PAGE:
All of us here have our individual rat-runs for summer guests.
They vary only in their range. By now experienced tour guides, we know the "ooh" spots and the "aah" places; the mini circuits and the grand circuits; the quintessential terrace for aperos and the linen-draped tables for dinner.
We know the morning markets, the after-dark markets, the fetes and the sights; the brocantes and the chateaux opening hours.
We know the routes where only the steam from the nuclear power station is visible, and how to avoid routes that reveal the monstrous towers in their ugly imposition.
We know how to slyly turn a bend, slow up and point to a vista of acre after acre of sunflowers or a blue sea of flax in a valley that tumbles down to a river and then onward to cypress-dotted hills.
We anticipate the gasp as our guests stroll under the clock tower entrance to Auvillar and walk on cobbles to its ancient heart and Roman stronghold.
We know the moment to arrive in Moissac as the market spills up towards the abbey and our guests come face to face with the Romanesque, world heritage, sculptured entrance.
Know to hold back as we turn the corner to the cloisters and the booked restaurant under the shade of the massive magnolia.
The pink-tinged brick and blue shutters of the buildings make them sigh in delight.
We know the treats, the tricks, the little tugs at the heart that work the magic of our hidden piece of the Tarn et Garonne.
We know it because it once beguiled us enough to leave all we knew behind to decamp and settle in its beauty.
And always, I hope, we remember that what has, almost sadly, inevitably, become tediously familiar and repetitive to us, is to them stunning, charming, and often moving. Above all, it is French and foreign.
Those friends who visit me are usually "repeats" and have done the circuit. So I feel I must think up new experiences or just let them have their head and the car keys.
Some though, like me, are sun junkies and after a night on the vin prefer to rise late, stagger to a sun-bed and gently roast until the hangover subsides and the night beckons again … and again.
They're the carousers whose nonsense and laughter, always sounding long into the next day, remind me of similar city nights when we imagined ourselves doing exactly what we're doing now come the day when everything else has lost its power and allure.
Either that or we'd simply been fired.
Husbands, wives, partners have been mislaid along the way and there always comes the point when the newish man/woman disappears tactfully to bed. (Even if not so new any more.)
Then old memories can be revisited and confidences exchanged without explanation or hurt to those here now and well loved.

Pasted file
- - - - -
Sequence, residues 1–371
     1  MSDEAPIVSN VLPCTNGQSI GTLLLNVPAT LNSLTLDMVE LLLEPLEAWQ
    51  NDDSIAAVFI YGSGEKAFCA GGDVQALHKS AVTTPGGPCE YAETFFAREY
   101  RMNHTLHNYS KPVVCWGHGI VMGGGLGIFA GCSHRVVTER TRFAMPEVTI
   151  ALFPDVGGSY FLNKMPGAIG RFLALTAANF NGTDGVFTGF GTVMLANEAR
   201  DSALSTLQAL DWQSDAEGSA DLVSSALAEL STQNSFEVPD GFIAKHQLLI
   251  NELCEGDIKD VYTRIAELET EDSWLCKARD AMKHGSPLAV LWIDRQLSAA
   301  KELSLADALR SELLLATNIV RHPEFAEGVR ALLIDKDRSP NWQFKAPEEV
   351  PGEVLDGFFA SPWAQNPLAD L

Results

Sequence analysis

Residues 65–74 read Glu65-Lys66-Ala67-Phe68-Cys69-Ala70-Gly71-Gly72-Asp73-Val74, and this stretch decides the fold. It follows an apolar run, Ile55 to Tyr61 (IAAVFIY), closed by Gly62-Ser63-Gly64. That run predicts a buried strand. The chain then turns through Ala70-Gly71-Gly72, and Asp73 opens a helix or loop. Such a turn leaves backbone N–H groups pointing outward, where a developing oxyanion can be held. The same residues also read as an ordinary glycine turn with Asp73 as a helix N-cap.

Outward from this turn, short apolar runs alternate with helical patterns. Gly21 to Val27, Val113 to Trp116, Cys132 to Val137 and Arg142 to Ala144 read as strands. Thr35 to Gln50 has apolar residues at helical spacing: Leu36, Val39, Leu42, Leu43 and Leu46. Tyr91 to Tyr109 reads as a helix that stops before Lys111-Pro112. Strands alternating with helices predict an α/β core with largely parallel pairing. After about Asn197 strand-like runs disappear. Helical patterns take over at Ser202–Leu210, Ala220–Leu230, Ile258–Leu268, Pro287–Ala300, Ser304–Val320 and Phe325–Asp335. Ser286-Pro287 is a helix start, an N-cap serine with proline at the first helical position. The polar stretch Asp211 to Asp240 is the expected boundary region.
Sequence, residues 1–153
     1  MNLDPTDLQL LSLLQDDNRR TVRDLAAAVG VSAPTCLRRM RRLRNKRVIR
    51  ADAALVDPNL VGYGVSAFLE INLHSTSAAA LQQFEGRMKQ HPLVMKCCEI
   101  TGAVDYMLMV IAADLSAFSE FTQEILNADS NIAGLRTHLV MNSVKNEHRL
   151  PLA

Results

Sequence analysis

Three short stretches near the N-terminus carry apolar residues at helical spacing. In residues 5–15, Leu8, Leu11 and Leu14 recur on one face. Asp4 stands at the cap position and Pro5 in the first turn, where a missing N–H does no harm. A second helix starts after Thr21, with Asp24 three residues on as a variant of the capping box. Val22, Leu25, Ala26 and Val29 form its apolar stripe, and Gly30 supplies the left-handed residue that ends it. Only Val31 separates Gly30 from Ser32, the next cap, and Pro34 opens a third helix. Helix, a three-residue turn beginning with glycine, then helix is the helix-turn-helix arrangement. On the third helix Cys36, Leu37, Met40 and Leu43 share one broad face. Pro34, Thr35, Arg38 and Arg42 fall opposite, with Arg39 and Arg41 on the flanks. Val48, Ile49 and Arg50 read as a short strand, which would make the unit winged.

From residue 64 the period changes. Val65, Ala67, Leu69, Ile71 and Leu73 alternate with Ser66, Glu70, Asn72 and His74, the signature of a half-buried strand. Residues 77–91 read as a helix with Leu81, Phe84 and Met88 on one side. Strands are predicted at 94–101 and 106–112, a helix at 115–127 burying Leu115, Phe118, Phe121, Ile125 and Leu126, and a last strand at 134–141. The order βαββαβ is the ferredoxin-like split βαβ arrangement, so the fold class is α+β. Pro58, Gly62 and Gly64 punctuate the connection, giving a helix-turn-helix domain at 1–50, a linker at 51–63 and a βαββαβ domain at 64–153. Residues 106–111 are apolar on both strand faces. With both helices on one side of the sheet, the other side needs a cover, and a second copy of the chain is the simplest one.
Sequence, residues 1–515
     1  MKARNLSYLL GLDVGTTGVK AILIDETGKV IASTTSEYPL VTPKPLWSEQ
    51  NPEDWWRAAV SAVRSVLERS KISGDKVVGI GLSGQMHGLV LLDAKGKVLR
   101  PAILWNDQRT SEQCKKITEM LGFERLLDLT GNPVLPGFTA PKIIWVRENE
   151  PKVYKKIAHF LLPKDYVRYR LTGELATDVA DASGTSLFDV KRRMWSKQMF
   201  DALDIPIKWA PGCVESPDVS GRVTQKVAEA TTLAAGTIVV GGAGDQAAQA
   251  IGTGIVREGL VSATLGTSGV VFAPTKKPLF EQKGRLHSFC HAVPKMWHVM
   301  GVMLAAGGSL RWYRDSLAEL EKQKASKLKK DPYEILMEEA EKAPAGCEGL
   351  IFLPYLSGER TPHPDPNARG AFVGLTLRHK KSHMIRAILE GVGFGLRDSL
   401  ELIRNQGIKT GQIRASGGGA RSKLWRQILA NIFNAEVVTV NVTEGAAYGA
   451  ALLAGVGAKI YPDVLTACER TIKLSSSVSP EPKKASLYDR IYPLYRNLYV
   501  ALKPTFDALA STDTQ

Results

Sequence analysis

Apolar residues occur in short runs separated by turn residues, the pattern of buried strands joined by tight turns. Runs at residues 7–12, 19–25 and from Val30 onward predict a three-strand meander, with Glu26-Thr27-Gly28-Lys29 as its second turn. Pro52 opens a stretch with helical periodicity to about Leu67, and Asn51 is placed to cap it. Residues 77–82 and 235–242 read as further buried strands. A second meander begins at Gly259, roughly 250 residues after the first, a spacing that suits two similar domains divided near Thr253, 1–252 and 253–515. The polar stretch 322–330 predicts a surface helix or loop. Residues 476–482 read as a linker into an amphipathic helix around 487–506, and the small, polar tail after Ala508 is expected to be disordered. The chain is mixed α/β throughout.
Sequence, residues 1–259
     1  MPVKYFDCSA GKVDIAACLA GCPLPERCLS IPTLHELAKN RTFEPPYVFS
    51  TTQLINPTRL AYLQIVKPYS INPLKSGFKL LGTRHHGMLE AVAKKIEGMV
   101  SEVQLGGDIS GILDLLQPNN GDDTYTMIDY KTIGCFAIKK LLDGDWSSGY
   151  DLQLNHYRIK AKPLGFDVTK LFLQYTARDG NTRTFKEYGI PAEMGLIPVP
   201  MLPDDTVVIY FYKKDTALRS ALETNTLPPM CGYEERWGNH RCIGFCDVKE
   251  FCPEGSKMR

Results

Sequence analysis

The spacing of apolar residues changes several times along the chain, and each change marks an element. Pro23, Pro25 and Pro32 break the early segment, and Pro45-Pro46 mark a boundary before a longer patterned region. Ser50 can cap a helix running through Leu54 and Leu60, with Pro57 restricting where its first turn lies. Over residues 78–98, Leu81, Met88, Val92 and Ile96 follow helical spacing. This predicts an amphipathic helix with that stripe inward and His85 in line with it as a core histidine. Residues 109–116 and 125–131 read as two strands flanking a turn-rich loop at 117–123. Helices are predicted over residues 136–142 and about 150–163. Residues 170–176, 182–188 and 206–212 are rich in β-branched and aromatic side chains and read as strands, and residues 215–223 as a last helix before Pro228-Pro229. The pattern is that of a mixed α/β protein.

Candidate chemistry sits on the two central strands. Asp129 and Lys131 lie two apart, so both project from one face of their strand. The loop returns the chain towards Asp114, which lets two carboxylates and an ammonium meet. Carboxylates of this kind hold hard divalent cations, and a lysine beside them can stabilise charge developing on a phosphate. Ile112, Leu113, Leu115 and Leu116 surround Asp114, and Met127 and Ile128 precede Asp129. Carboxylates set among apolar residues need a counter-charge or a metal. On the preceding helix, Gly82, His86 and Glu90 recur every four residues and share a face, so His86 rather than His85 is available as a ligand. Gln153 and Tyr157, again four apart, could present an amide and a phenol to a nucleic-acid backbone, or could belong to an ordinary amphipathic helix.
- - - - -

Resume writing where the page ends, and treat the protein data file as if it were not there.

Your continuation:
So we become our younger selves again, yet look with a much kinder eye on those we've left or who've left us; look on who we were and now are and how little we've actually changed - except, perhaps, in compassion.
It's easier to review the past when the present is under a different star-pulsating sky, the skin has been fired by a daytime burning and frogs croak and other strange sounds interrupt our meanderings and the slosh of wine into glasses.
No wonder I look forward to my repeats after a winter behind the shutters, particularly those who know me well enough to take over my kitchen and cook for themselves. These days, though, they increasingly demand I come to them. They point to my ennui and remind me of old haunts and people I need to visit who don't visit me.
They no longer need to see where I am: they've seen it. Now they believe I need to see where they are; where I once was.
Online I see the changes. I read the reviews of new restaurants, new hotels and try to remember what was there before.
I find it harder to remember where streets cross over and where they actually were. West Nile Street? Across, over and up from my house - or was that West George Street? All those crescents around the park. North? South? Gone.
It is not an age thing. Every place I've left I've ultimately forgotten or chosen to forget.
I try to imagine driving from my old flat into the city centre in Glasgow but I cannot remember the names of the streets I turned into. Cannot remember the one-way system I knew instinctively.
These days, I turn via a lightning-struck tree, past a farmyard with suicidal hens, over a tiny bridge which signals a left turn and, beyond, a bewildering array of offshoot roads. By such touchstones I eventually find my destination.
It's why I've become such a good tour guide in La Lomagne and why I need my repeats to return again and again.
There's so much still to see. So much I haven't shown them.
And laughter and shared reminiscences are always, always better under a hot foreign sun.